The most obvious symptom of that in the novel is the death of literature and the firemen whose purpose in life is the burning of books. But that’s only a specific instance of a wider anti-intellectual atmosphere. In Bradbury’s fictional society, not only is book possession a crime, but the very basic acts of thought, reflection, and discussion are deeply frowned upon. Houses are built without porches so people can’t sit there and leisurely mull things over. Curiosity and imagination are considered abnormal personality traits, as is any interest in nature, even the simple act of enjoying the rain or walking at night; these are the kinds of things that can get you sent to a psychiatrist. People are expected to get their all their enjoyment in life from artificial, manufactured entertainment. Bradbury anticipated the modern fascination with big-screen televisions, as well as the idiotic programming they deliver. The characters on the tv walls are considered “family” and are as real to people, or more so, than their real flesh and blood families. The whole society is geared for speed, so no one has time to stop and smell the roses, time to just stop and consider the world around them. Even driving slow is a crime, because it allows one too much opportunity for thinking. And going along with all this, society is dominated by a stifling sense of conformity, what Bradbury calls “the solid unmoving cattle of the majority.” Hardly anyone dares to be different, and those who do may end up in jail, or worse.

Unfortunately, much of what is contained in this novel has a basis in reality. Just consider the speed of modern (especially American) life, with people rushing everywhere, ready to run you off the road if you’re not a speed-demon like them. And then there’s the idiot box, which sucks up far more of our society’s time than reading these days. And consider the execrable fodder people sit there watching: soap operas, game shows, “reality” tv, air-headed comedies, and other assorted garbage. And, sadly, book burnings still occur from time to time.

It seems to me that Fahrenheit 451 could be the poster child for old sf that is still relevant today.

Douglas Adams television interview — one of his very last

Shortly before his untimely death (just eight days before, in fact), Douglas Adams appeared in a tv interview series called Big Thinkers, and I thought I’d post it here for all you Adams fans.

Actually, you could call me an Adams fan, even though I’ve never read any of his work. It’s always possible I will someday, but humor isn’t really my favorite type of writing. I’m the same way with other media too; it’s a very rare thing for me to watch comedy tv or movies. No, I usually prefer the more serious stuff. Still, I’ve heard enough bits and pieces and snippets of Adams’ writings and opinions to know he was a really sharp, brilliant guy, and I admire him a lot. For one thing, he shared my interest in evolutionary biology, and was good friends with Richard Dawkins (one of my favorite non-fiction writers). He was an outspoken atheist (his “sentient puddle” analogy refuting the fine-tuning argument was a beautiful piece of work). And he was devoted to various environmental and endangered species causes (such as The Great Ape Project and Save the Rhino, and his book and radio project Last Chance To See).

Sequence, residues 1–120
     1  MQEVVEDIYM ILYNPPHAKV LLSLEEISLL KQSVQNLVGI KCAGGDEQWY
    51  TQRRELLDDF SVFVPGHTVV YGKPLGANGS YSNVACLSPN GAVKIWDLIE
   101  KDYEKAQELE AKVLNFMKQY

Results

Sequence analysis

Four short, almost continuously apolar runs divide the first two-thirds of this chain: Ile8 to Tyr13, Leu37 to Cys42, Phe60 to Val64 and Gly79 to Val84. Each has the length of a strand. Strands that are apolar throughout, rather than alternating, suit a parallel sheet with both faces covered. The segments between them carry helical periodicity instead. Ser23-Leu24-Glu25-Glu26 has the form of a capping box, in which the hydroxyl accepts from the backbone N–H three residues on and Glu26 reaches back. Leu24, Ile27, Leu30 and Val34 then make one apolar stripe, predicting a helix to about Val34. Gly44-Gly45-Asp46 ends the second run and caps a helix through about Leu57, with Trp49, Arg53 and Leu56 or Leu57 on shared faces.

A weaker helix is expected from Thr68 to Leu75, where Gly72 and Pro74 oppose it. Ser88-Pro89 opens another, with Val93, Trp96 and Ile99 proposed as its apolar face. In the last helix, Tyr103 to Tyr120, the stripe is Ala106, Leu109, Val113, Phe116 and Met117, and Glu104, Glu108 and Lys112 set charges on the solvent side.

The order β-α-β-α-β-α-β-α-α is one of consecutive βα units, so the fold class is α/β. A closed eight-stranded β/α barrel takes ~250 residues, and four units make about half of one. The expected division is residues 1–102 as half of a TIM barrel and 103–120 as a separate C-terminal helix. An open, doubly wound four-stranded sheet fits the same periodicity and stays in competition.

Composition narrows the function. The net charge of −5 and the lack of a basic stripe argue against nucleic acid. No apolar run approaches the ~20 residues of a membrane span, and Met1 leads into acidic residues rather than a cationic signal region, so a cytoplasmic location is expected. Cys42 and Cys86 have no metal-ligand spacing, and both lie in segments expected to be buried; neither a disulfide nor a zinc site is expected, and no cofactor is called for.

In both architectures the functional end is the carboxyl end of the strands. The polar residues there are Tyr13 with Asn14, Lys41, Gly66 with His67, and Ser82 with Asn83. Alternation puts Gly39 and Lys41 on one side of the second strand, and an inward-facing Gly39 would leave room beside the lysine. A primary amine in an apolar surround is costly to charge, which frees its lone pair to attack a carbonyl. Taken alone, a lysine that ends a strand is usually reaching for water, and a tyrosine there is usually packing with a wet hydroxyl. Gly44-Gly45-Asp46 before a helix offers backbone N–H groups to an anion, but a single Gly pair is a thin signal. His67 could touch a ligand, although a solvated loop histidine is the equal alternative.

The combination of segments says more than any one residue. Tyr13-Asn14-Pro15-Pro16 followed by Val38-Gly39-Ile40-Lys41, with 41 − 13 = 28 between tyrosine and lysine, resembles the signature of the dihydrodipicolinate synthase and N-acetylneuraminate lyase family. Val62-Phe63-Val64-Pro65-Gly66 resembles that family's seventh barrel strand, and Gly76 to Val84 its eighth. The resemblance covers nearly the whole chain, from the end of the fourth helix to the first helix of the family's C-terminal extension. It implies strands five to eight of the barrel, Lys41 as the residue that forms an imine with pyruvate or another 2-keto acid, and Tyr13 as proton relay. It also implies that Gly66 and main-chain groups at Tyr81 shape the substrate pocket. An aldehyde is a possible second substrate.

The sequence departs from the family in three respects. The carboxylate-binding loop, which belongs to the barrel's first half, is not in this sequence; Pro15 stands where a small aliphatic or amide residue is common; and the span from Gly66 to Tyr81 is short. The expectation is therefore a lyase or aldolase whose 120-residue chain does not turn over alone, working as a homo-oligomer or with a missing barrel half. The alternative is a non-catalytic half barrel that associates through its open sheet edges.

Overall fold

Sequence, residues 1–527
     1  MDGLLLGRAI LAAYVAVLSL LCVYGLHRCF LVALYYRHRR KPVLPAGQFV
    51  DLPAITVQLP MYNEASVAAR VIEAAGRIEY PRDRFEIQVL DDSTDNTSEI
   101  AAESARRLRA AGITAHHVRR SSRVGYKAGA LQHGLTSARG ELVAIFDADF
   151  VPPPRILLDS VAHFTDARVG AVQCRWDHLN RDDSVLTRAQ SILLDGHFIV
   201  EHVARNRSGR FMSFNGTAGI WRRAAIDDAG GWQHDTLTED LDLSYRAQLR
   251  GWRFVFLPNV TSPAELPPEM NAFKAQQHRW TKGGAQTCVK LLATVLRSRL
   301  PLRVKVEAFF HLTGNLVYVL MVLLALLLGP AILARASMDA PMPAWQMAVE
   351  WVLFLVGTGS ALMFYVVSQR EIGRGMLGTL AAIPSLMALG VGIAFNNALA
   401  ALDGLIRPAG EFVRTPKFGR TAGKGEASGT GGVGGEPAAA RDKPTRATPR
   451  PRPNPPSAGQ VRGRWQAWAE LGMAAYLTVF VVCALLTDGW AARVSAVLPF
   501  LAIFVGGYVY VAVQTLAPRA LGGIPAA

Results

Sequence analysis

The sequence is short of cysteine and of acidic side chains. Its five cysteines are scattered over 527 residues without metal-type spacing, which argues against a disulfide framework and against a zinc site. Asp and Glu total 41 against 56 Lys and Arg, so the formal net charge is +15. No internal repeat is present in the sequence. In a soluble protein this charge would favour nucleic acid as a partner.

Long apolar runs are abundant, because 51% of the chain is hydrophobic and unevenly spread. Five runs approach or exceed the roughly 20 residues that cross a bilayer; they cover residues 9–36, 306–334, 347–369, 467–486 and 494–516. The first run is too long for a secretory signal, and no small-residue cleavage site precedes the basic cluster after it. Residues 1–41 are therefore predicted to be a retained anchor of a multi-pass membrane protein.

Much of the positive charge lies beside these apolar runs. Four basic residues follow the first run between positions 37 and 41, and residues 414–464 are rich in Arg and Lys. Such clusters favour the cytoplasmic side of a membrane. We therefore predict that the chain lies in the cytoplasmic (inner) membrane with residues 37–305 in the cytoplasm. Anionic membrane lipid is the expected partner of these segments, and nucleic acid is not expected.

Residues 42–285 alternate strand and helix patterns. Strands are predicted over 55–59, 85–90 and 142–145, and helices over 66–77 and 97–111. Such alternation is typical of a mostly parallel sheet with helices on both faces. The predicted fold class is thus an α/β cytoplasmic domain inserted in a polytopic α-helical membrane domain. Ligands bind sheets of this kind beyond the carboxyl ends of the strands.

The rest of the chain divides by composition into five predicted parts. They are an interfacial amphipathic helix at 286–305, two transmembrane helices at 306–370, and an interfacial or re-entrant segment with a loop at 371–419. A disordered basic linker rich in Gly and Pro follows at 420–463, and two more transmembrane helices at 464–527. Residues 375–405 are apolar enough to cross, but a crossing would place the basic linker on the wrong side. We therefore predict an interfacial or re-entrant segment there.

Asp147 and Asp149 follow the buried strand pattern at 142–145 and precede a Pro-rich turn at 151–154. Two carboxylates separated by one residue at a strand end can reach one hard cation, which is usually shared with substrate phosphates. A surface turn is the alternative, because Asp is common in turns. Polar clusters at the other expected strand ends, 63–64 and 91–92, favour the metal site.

In this video he touches on some of those subjects, as well as technology issues and, of course, his books and science fiction in general, on which topic he says:

“As a science fiction writer I’ve always been terribly terribly interested in seeing how very familiar things look from unfamiliar points of view. How do you change your point of view, how do you change your perspective, and suddenly see the truth of something?”

Very interesting, very unique individual, and it’s unfortunate for us that he’s no longer with us. Anyway, on to the video:

Also, for anyone who may be interested, here’s a video of a discussion on evolution moderated by Adams, with the participants being Richard Dawkins, Daniel Dennett, Steven Pinker, and Jared Diamond (those first three are three of my favorite people on the planet):

Part 1; Part 2; Part 3; Part 4.

Aliens in need of a big can of Raid (the “kills humans dead” variety)

The first time I ever heard of William Tenn was a few months ago when I read his entry in John Clute’s wonderful science fiction encyclopedia. Before that, he was completely off my radar; I had never heard even the slightest mention of him from other sf fans, in any reviews or essays, on any sf sites or forums, not anywhere. I didn’t know the guy even existed. Is he really that unknown? Or has everyone else known about him except me, but kept it quiet as part of some perverse conspiracy of silence? Whatever the case may be, I’m very glad I’ve come across this author, whose work spanned the 40’s, 50’s, and 60’s. That work includes an impressive and very enjoyable novel from 1968 called Of Men and Monsters, which surely must rank as one of the more unique takes on the alien invasion theme.